alexa Commentary: Effect of Agalsidase Beta on Corneal Verticillata in Patients with Fabry Disease | Open Access Journals
ISSN: 2155-9570
Journal of Clinical & Experimental Ophthalmology
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Commentary: Effect of Agalsidase Beta on Corneal Verticillata in Patients with Fabry Disease

Joshua Mali and Albert M. Morier*
Department of Ophthalmology, Albany Medical College, USA
*Corresponding Author : Albert M. Morier
Associate Clinical Professor of Ophthalmology Albany Medical College
Ophthalmology, 100 Willow St Guilderland
NY 12084, United States
Tel: 1518456-7687
Fax: 1518 355-1208
Received: February 27, 2016Accepted: January 30, 2016 Published:February 02, 2016
Citation:Mali J, Morier AM (2016) Commentary: Effect of Agalsidase Beta on Corneal Verticillata in Patients with Fabry Disease. J Clin Exp Ophthalmol 7:528. doi:10.4172/2155-9570.1000528
Copyright: © 2015 Mali J, et al. This is an open-access article distributed under the terms of the Creative Commons Attribution License, which permits unrestricted use, distribution, and reproduction in any medium, provided the original author and source are credited

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In our previous article entitled, "Ocular manifestations of Fabry disease within in single kindred", we describe the ocular and systemic manifestations of Fabry disease. Fabry disease is a lysosomal storage disease inherited in an X-linked fashion which results in deficient enzyme levels of alpha-galactosidase A (AGAL), an enzyme important for the breakdown of various glycoproteins in the body. AGAL deficiency prevents the effective metabolism of the glycoprotein globotriaosylceramide (Gb3). Consequently, Gb3 deposits within lysosomes in virtually every tissue in the body including the eyes, kidneys, brain, and heart. Increasing storage of Gb3 and the resultant intrinsic inflammatory reactions lead to increased disease burden in the patient with disease progression. The initial symptoms can include angiokeratomas (telangiectatic cutaneous lesions), acroparesthesia (severe pain in hands and feet), hypohidrosis (inability to sweat), gastrointestinal dysmotility, and various ocular manifestations [1].
The most commonly reported ocular finding is corneal verticillata, a bilateral, whorl-like pattern of cream-colored lines usually found in the inferior cornea. These lines are caused by the accumulation of Gb3 at the level of Bowman’s membrane, which radiate out in a vortex pattern. In a slit lamp examination, the degree of corneal verticillata can range from very faint to quite obvious but rarely affects visual acuity though glare has been reported.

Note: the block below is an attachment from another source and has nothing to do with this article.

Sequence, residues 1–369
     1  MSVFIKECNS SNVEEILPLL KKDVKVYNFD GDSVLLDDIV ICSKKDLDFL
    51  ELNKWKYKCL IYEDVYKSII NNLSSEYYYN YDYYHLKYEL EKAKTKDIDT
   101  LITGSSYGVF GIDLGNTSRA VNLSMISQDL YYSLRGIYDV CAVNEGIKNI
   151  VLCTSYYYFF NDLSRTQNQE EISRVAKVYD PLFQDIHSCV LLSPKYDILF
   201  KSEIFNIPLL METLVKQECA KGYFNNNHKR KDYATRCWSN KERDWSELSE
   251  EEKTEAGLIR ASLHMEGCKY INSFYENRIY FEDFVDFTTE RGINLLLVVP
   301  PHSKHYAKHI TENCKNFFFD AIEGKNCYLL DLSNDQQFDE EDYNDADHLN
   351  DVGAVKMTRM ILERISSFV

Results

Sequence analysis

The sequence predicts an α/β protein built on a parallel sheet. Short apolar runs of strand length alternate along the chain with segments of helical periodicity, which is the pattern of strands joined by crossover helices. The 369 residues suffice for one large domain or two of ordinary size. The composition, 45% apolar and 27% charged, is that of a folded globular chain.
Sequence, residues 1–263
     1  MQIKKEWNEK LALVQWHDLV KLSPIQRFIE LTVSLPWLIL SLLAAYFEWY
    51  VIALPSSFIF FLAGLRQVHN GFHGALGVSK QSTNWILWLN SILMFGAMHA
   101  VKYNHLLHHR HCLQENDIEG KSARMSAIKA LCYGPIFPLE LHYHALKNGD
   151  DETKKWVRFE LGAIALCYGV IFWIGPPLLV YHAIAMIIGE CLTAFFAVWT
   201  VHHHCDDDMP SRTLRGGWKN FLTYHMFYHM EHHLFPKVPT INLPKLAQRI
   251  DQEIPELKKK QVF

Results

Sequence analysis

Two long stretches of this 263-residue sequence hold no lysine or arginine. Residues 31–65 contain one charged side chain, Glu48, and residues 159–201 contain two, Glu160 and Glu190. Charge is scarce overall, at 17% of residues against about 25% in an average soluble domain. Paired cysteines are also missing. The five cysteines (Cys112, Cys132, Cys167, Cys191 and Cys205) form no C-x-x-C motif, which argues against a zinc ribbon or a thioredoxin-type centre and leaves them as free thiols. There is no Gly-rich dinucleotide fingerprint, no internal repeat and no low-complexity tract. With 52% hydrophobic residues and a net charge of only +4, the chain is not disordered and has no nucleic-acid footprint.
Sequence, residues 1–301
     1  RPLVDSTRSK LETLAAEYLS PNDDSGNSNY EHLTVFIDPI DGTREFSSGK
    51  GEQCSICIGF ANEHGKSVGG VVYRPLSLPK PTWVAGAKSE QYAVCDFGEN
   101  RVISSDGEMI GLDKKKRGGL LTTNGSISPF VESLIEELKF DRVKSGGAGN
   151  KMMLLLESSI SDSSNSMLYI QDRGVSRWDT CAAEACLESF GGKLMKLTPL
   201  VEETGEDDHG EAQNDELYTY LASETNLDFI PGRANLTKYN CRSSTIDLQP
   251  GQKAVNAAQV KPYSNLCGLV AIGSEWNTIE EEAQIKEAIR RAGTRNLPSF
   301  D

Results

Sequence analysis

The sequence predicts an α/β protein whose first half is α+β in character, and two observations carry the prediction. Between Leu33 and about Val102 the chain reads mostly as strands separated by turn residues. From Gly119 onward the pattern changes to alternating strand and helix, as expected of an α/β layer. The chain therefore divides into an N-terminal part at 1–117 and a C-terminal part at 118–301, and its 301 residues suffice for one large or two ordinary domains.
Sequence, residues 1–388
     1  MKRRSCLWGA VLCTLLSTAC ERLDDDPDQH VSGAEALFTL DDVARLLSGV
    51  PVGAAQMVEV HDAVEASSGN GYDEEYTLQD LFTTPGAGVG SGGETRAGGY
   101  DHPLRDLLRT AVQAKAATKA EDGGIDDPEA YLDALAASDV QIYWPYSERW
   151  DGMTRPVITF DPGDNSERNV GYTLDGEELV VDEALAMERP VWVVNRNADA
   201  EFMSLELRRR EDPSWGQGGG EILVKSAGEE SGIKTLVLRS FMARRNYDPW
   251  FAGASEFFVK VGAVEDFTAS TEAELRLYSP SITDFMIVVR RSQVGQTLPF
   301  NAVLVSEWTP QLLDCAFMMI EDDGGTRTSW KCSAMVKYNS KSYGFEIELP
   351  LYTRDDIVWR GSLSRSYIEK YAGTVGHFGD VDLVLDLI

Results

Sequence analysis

Agalsidase beta is recombinant alpha-galactosidase A enzyme and has revolutionized the treatment of Fabry patients. While this enzyme has shown to alleviate symptoms and progression of Fabry disease, there has been no study to date evaluating the effect on corneal verticillata and whether or not resolution occurs [2].
We presented our data at the 2015 American Academy of Ophthalmology (AAO) Annual Meeting in which thirteen Fabry patients with documented corneal verticillata on examination and being treated at that time with enzyme replacement therapy (agalsidase beta) participated in our analysis. On two year follow-up, careful slit lamp examinations were performed to analyze the anterior segment for the presence or resolution of corneal verticillata. Three out of the thirteen patients (23%) had complete resolution of corneal verticillata in both eyes.
All evaluated Fabry patients were being treated with agalsidase beta and had corneal verticillata, which generally does not affect vision and is readily recognizable by slit lamp examination. Corneal verticillata in patients with Fabry disease appear to resolve in about a quarter of patients when treated with agalsidase beta.
These results provide objective clinical evidence of the efficacy of enzyme replacement therapy (ERT) in Fabry disease. Whether the resolution of corneal verticillata with ERT can be a clinical gauge to the patient’s response to therapy is still under investigation and is a promising premise for future studies.
Overall, the eye care provider can play a crucial role in the early recognition of ocular manifestations of Fabry disease and decrease both the time to accurate diagnosis and the delay in the institution of disease-modifying therapy.
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Review summary

  1. Tim Kohler
    Posted on Jul 15 2016 at 5:00 pm
    The article explains the ocular and systemic manifestations of Fabry diseases. The commentary briefly narrates the pathophysiology and the currently used treatment measures for the disease. The article also highlights the problems associated with Corneal Verticillata and the efficacy of Agalsidase Beta in the treatment of fabry disease associated Corneal Verticillata.

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